The Illinois General Assembly finally passed a budget on July 6, 2017, overriding a veto by Governor Bruce Rauner. After more than two years without a full state budget, this is welcome news to many in Illinois, but none more so than the 22 exonerees who have received court-issued certificates of innocence but not the statutory compensation that normally accompanies them.

In 2008, the Center on Wrongful Convictions supported the creation of a certificate of innocence remedy in Illinois, not only because it would provide a vehicle for exonerees to demonstrate they were actually innocent rather than freed by a technicality, but also because it would expedite the process of determining eligibility for state compensation through the Illinois Court of Claims. A few kinks in the statute remain, but it had worked relatively well in streamlining the receipt of compensation—until Illinois politics created a budget impasse beginning in 2015. No wrongful conviction awards have been paid since then.

Imagine being snatched from your life and sent to prison for many years (or decades) for a crime you did not commit. When you are finally freed, your home and possessions are long gone, your bank account is drained, and you are not immediately suited for a job. You struggle to readjust to a world that is quite different from the one you left so many years earlier. You may or may not have family and friends who can help, but regardless, it is galling to rely on the charity of others when your incarceration was not remotely your fault. Now imagine the government has agreed that you were wrongfully convicted and are entitled to compensation, but no payment is forthcoming because of political wrangling in the state capitol. This has been the plight of no fewer than 22 Illinois exonerees for over two years.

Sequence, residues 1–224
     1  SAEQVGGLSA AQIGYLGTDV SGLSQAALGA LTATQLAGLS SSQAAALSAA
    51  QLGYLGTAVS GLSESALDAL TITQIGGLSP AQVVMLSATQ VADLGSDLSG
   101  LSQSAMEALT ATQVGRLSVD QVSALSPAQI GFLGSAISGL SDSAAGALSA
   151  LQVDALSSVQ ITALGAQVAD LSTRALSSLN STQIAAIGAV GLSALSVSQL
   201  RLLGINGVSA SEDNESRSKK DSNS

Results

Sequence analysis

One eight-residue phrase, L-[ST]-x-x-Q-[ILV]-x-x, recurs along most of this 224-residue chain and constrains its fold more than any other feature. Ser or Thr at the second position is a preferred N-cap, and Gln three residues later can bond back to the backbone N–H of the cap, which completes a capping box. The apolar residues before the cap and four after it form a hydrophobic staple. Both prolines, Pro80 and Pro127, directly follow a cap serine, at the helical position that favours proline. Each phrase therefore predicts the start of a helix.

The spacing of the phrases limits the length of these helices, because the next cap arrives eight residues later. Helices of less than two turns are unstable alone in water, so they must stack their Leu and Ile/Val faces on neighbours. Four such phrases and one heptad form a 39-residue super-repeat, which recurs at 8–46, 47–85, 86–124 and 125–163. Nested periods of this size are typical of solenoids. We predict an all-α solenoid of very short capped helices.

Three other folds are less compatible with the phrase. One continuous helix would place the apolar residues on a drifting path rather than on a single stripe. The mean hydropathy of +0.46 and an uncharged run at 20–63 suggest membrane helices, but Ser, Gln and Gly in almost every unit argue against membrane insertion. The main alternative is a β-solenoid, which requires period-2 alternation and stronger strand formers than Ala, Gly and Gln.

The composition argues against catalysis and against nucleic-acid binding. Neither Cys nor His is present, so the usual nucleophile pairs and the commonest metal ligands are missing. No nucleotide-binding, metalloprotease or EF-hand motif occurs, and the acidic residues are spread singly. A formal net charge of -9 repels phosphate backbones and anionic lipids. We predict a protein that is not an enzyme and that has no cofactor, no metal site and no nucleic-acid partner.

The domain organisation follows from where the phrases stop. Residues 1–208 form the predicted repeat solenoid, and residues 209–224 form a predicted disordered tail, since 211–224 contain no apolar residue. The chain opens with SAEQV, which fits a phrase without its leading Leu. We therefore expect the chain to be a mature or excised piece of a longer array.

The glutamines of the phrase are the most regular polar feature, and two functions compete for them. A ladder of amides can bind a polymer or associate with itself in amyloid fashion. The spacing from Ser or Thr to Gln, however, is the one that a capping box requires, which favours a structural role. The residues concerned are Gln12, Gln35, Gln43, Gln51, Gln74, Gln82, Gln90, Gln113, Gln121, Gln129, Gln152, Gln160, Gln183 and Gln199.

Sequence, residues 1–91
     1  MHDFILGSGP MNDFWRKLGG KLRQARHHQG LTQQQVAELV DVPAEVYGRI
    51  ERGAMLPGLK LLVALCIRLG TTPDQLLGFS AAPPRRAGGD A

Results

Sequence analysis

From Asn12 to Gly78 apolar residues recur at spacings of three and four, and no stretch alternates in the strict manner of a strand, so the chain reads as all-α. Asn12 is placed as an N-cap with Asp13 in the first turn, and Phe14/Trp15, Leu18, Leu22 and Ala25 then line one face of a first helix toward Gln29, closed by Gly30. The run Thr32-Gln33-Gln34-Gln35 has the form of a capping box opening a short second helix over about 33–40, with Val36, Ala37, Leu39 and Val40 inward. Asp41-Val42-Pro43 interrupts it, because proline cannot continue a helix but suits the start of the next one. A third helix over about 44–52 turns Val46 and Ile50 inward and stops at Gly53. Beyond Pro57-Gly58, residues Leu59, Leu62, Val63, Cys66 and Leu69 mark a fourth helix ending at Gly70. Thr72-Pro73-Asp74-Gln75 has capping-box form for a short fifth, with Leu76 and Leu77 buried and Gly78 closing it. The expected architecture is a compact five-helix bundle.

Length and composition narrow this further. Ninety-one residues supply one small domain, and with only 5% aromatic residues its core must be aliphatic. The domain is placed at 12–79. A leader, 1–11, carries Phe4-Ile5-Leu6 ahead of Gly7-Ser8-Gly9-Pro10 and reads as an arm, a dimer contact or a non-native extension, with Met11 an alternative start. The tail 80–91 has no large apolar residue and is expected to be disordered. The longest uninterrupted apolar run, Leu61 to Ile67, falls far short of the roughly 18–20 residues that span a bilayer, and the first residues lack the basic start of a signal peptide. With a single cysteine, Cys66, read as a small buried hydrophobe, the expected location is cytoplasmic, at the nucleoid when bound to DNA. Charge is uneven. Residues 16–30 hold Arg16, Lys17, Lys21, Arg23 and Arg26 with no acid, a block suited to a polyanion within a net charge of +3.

While it is good news that these exonerees will finally receive their statutory compensation (which is sorely inadequate, but that is a topic for another post), this cannot happen again. Legislators should amend the law to guarantee that exonerees will be compensated in a timely manner even if there is a future budget standoff—just as lawmakers and other state employees continued to receive their paychecks during this past budget impasse. The people and the government of Illinois owe at least that much to our wrongfully convicted.

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